This is a school that has dominated most in the Japanese history. It has a number of philosophical instincts that for the reconciliation of the Buddhist doctrine with the various aspects of the Japanese culture. This then can pose a challenge on how it can be possible to make the different experiences compatible. It is believed that every aspect of or sense of the phenomenon as it appears is an expression of dharma. As a result, the expression of this sense consists of the preaching about the doctrine of the lotus sutra.

Shingon School

In this school, the teachings are based on the early Buddhist tantras. The Womb Realm mandala and the Diamond Realm mandala. In Shingon temples, the two mandalas are pasted on each side and at the central altar. Buddhism is concerned with the rituals and meditative practices that lead to enlightenment. According to the Shingon doctrine, enlightenment is not a foreign reality that is distant.

Medieval Buddhism (1133-1600)

This was the third school of (1133-1600) and consisted of Jodoshu or pure land school, Hokke or Nichiren School, and Zen schools (Rinzai and Soto).

Jodoshu or pure land school

This was inherited from the Dharmic traditions that had supporting evidence from the dharma. This was a more devotional school that emphasized on reconciliation and compassion among the less philosophical, intellectual persons. It has been considered to be on the rise due to its aspirations and intentions. In addition, it has been significantly influenced by the Hindu and Brahmin ideas. The thought’s final outcome is that, the aspirants of the faith are born when they are already transformed.

Hokke or Nichiren School

This is a school that bases its teachings on the Japanese monk of the 13th century. Its supremacy has been enormously influenced by the emergence of the new schools such as the Kyoto school. It is believed that all people have an innate nature of Buddhism and thus capable of being enlightened in the current form in the present life. It has also been noted of being against the other forms of Buddhism schools.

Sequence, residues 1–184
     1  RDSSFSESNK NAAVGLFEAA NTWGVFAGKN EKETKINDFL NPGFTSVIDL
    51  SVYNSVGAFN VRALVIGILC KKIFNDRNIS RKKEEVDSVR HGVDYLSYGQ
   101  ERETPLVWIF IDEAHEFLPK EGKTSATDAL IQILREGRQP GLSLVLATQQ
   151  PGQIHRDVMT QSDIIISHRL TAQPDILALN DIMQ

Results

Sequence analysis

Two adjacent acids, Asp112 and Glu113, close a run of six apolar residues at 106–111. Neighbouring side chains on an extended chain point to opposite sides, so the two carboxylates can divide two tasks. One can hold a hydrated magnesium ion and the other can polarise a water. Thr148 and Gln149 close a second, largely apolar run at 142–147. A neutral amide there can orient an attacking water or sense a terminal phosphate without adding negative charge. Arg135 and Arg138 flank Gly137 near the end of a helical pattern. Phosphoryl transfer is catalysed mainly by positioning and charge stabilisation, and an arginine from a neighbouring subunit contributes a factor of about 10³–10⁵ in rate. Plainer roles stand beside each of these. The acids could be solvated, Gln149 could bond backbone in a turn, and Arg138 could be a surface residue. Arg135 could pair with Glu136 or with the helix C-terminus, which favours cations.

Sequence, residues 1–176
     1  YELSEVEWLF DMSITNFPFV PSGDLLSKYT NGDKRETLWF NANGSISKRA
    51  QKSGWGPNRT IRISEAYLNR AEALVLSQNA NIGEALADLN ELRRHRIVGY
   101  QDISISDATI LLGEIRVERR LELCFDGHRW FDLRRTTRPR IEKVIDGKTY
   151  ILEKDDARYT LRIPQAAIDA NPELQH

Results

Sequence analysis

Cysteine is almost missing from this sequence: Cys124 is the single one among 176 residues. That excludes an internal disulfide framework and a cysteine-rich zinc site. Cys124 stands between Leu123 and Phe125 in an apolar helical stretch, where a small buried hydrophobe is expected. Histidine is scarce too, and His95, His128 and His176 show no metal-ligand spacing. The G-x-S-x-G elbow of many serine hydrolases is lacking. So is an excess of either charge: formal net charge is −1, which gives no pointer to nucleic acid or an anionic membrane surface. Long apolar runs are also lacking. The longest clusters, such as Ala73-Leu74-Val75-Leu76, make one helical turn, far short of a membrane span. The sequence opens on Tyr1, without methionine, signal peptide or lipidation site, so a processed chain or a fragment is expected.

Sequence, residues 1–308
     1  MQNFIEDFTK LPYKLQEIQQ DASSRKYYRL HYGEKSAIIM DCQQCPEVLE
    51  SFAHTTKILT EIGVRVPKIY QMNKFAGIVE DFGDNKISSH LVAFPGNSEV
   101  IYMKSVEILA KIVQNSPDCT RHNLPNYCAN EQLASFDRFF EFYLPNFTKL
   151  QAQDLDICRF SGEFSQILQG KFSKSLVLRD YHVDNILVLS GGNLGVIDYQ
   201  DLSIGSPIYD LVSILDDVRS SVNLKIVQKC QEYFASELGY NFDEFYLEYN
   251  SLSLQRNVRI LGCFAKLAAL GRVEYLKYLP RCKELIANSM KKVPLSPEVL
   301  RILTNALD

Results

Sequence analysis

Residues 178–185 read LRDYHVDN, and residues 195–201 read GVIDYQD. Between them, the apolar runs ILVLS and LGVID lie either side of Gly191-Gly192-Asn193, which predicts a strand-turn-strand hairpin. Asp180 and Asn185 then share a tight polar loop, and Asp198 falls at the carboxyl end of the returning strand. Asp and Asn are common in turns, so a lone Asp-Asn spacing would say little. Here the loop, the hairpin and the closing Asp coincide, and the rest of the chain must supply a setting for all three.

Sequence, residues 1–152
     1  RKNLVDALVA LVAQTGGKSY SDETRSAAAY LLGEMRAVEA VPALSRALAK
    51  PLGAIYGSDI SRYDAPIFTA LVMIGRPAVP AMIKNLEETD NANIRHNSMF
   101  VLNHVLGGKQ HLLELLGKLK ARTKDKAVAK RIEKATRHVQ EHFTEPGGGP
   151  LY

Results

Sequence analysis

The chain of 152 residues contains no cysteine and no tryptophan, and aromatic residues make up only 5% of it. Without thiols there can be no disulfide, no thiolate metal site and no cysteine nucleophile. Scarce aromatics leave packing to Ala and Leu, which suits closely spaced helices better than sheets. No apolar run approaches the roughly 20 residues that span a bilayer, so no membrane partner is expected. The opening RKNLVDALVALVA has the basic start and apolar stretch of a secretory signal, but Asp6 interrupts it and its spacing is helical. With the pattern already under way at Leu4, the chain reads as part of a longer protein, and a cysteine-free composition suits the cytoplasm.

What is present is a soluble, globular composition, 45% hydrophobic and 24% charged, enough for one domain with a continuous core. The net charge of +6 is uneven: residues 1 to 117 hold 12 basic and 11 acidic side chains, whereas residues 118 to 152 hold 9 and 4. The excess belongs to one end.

Zen schools (Rinzai and Soto)

The Zen schools that currently exist in Japan are the Rinzai, and Soto.  Soto is the largest followed by the Rinzai that has been divided into sub schools. The Rinzai school is characterized by the emphasis it bases on coming up with an understanding of one’s true nature. Soto is characterized by the large popularity it has and its availability of the large temples that have been subdivided to accommodate many people. It was founded during the period of colonization and from then it spread out.

Modern Kyoto school (20th century)

These are the modern philosophers who developed original philosophies by coming up new ideas based on the intellectual and spiritual traditions. It has been known mostly in the west due to its philosophies in religion and its approach in a non sectarian manner. It became possible to Japan when it reopened itself to the world after national isolation.

Conclusion

There assists a large number of schools that explains the religion that exists in Japan. Out of all these schools, depending on an individual’s perception and ability to adjust is the main issue of concern. In addition, the various schools transcended from one period to another.